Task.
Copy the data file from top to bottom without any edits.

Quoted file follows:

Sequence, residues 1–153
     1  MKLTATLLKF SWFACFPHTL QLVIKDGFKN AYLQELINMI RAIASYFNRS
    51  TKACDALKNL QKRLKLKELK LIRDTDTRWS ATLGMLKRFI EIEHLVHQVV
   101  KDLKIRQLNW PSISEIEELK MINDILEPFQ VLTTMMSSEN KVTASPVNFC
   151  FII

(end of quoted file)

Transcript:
Sequence, residues 1–153
     1  MKLTATLLKF SWFACFPHTL QLVIKDGFKN AYLQELINMI RAIASYFNRS
    51  TKACDALKNL QKRLKLKELK LIRDTDTRWS ATLGMLKRFI EIEHLVHQVV
   101  KDLKIRQLNW PSISEIEELK MINDILEPFQ VLTTMMSSEN KVTASPVNFC
   151  FII